Example 4: Cashew-head Limited: return on capital employed 20X6
Profit before finance charges and tax Average capital employed x 100 1 = 2 100 000 (9 997 750 + 6 028 750) / 2 = 26,21% x 100 1

6.1.4

Return on owners equity


Profit after tax and preference dividends Average ordinary shareholders equity x 100 1

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This is an important ratio to the owners of the shares since they require a certain return relative to the risks involved with the investment in the entity. Since the object of this formula is to calculate the return owing to the ordinary shareholders, the earnings should be calculated by deducting preference dividends and tax since both the preference shareholders and the tax authorities have first rights to the profits: any profits remaining belong to the ordinary shareholders. Ordinary dividends should not be deducted since they belong to the ordinary shareholders.
Example 5: Cashew-head Limited: return on owners equity 20X6
Profit after tax and preference dividends Average ordinary shareholders equity x 100 1 = = 36,7% 1 347 500 61 250 (4 747 750 612 500 + 3 395 000 525 000) / 2 x 100 1

6.1.5

Return on assets
Profit before finance charges and tax Average total assets x 100 1

As with the return on capital employed, the effects of financing should be removed. This ratio indicates the effectiveness of managements use of the company assets entrusted to them.
Example 6: Cashew-head Limited: return on assets 20X6
Profit before finance charges and tax Average total assets x 100 1 = = 2 100 000 (10 339 000 + 6 203 750) / 2 25,4% x 100 1

6.1.6

Earnings per ordinary share


Profit after tax less preference dividends Number of ordinary shares x 100 1

This ratio is very similar to the return on ordinary equity although the earnings per share is calculated as a value per share whereas in the former case, earnings are calculated as a percentage of the value of capital. Earnings per share is usually calculated for ordinary shares only since preference shares generally do not share in earnings (unless participative), but rather in a fixed dividend only. Earnings per share must be disclosed either on the face of the statement of comprehensive income or in the notes thereto. IAS 33 governs the calculation and disclosure of earnings per share.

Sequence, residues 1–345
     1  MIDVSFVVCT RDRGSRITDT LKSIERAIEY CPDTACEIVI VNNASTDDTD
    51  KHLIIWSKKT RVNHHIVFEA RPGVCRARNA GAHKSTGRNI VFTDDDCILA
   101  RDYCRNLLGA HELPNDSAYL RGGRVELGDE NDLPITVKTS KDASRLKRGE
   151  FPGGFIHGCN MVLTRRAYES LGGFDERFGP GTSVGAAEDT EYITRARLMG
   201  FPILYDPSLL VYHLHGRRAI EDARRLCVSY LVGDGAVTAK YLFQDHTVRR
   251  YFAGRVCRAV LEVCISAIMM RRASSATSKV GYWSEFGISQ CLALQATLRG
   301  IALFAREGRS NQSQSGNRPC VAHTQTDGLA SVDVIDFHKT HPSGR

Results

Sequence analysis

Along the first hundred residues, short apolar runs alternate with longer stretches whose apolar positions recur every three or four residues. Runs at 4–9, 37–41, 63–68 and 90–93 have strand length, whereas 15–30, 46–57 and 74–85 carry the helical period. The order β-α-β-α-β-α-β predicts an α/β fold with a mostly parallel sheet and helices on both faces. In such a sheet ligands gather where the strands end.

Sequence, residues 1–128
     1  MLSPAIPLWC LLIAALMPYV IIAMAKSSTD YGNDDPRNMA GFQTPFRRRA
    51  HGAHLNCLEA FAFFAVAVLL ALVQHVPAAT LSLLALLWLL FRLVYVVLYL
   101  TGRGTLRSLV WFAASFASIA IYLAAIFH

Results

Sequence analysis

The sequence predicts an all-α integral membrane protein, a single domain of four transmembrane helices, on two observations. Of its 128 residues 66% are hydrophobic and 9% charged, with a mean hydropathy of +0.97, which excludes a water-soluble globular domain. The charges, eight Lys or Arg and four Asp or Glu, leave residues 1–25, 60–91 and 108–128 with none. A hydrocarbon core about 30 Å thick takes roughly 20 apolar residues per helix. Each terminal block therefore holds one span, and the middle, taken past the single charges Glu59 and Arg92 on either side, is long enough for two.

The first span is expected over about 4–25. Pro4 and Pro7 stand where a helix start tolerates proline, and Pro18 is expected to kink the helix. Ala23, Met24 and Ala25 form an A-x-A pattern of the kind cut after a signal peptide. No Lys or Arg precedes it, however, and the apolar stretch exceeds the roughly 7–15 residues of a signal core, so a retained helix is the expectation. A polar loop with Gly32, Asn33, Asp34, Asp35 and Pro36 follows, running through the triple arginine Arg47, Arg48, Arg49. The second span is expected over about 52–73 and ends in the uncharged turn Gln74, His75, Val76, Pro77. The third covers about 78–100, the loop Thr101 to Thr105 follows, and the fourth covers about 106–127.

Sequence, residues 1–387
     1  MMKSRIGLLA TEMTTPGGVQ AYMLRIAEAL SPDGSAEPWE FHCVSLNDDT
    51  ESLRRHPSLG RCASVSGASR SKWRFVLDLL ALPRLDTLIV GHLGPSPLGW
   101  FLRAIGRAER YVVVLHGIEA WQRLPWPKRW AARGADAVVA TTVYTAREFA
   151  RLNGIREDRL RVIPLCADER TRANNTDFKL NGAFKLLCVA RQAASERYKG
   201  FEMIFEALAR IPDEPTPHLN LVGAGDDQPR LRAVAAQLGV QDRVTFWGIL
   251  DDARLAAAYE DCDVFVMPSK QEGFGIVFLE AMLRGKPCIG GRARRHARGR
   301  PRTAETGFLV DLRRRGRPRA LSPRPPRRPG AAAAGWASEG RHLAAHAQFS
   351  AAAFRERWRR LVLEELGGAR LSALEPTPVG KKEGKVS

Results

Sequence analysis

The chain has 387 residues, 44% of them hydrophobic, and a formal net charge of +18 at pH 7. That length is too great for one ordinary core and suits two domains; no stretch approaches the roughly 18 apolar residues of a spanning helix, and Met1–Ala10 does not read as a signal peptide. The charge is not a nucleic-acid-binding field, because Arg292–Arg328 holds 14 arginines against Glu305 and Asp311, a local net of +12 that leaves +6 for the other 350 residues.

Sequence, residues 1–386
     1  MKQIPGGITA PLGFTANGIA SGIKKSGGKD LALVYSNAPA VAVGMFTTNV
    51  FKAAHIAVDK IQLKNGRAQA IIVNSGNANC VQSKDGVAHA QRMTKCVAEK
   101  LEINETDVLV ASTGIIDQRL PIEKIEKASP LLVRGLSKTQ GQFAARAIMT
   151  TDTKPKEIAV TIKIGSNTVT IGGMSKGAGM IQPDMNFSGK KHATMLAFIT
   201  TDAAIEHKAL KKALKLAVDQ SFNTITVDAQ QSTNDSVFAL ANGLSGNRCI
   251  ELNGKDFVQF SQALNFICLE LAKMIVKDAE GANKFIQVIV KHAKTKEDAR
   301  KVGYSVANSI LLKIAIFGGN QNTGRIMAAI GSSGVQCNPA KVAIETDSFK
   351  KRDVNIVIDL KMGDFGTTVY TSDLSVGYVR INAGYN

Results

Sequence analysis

Example 7: Cashew-head Limited: earnings per ordinary share 20X6 Profit after tax less preference dividends (1 347 500 61 250) = Number of ordinary shares (875 000 / 3,5) = 5,15 20X5
(1 470 000 52 500) (875 000 / 3,5)

5,67

6.1.7

Dividends per share


Ordinary (or preference) dividends Number of ordinary (or preference) shares x 100 1

In contrast to the earnings per share ratio, which merely calculates how much has been earned per share, this ratio calculates how much has actually been declared to the shareholders.
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Dividends per share can be calculated for any class of share. It should be disclosed either in the statement of changes in equity or in the notes thereto.
Example 8: Cashew-head Limited: dividends per ordinary share 20X6 Ordinary dividends = 21 000 Number of ordinary shares (875 000 / 3,5) = 0,08 20X5 35 000 (875 000 / 3,5) 0,14

6.1.8

Ordinary dividend payout ratio


Dividends per share Earnings per share Or Dividends Earnings

This ratio calculates the percentage of the earnings belonging to the ordinary shareholder that are actually distributed to the ordinary shareholder.
Example 9: Cashew-head Limited: ordinary dividend payout ratio 20X6 Ordinary dividends per share = 0,08 Earnings per ordinary share 5,15 = 0,016 : 1 20X5 0,14 5,67 0,025 : 1

6.1.9

Price earnings ratio


Market price per share Earnings per share

This ratio reflects how much investors are willing to pay per C1 of reported profits. Theoretically, the greater the profits the more they would be willing to pay. There are, however, many other factors that play a part in determining the market price per share, e.g. the companys performance relative to other companies in the industry, inflation, the risks relating to the investment in the company and expected future growth.
Example 10: Cashew-head Limited: price earnings ratio 20X6 Market price per ordinary share = 1,25 Earnings per ordinary share 5,15 = 0,24 : 1 20X5 1,00 5,67 = 0,18 : 1

6.1.10 Earnings yield


Earnings per share Market price per share x 100 1

This calculates the earnings as a percentage of each C1 invested.


Example 11: Cashew-head Limited: earnings yield 20X6
Earnings per ordinary share Market price per ordinary share

20X5
100 1

=
X100

5,15 1,25 412%

5,67 1,00 567%

100 1

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6.1.11 Dividend yield


Dividends per share Market price per share x 100 1

This calculates the dividends as a percentage of each C1 invested. A high dividend yield may be as a result of either a relatively high payout or a share price that is very low (perhaps indicating market sentiment that the company has a limited future).
Example 12: Cashew-head Limited: dividend yield Dividend per ord share Market price per ord share x 100 = = 20X6 0,084 x 100 1,25 6,7% 14% 20X5 0,14 x 100 1,00